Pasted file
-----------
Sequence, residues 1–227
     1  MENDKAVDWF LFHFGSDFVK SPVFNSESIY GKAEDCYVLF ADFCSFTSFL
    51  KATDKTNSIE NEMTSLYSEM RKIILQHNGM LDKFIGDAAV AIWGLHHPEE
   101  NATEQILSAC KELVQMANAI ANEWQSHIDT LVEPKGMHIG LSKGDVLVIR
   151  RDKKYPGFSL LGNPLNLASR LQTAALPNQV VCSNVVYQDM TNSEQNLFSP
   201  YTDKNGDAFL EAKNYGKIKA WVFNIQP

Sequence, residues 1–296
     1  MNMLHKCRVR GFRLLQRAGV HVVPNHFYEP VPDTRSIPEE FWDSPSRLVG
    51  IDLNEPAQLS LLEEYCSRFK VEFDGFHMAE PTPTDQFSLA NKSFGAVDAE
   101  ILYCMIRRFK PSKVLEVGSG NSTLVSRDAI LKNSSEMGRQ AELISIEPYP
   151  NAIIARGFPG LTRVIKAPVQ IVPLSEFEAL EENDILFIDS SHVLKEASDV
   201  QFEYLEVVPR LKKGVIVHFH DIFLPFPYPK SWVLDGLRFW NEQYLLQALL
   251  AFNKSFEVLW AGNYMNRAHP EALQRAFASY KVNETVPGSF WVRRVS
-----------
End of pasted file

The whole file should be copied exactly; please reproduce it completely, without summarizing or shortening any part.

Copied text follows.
Sequence, residues 1–227
     1  MENDKAVDWF LFHFGSDFVK SPVFNSESIY GKAEDCYVLF ADFCSFTSFL
    51  KATDKTNSIE NEMTSLYSEM RKIILQHNGM LDKFIGDAAV AIWGLHHPEE
   101  NATEQILSAC KELVQMANAI ANEWQSHIDT LVEPKGMHIG LSKGDVLVIR
   151  RDKKYPGFSL LGNPLNLASR LQTAALPNQV VCSNVVYQDM TNSEQNLFSP
   201  YTDKNGDAFL EAKNYGKIKA WVFNIQP

Sequence, residues 1–296
     1  MNMLHKCRVR GFRLLQRAGV HVVPNHFYEP VPDTRSIPEE FWDSPSRLVG
    51  IDLNEPAQLS LLEEYCSRFK VEFDGFHMAE PTPTDQFSLA NKSFGAVDAE
   101  ILYCMIRRFK PSKVLEVGSG NSTLVSRDAI LKNSSEMGRQ AELISIEPYP
   151  NAIIARGFPG LTRVIKAPVQ IVPLSEFEAL EENDILFIDS SHVLKEASDV
   201  QFEYLEVVPR LKKGVIVHFH DIFLPFPYPK SWVLDGLRFW NEQYLLQALL
   251  AFNKSFEVLW AGNYMNRAHP EALQRAFASY KVNETVPGSF WVRRVS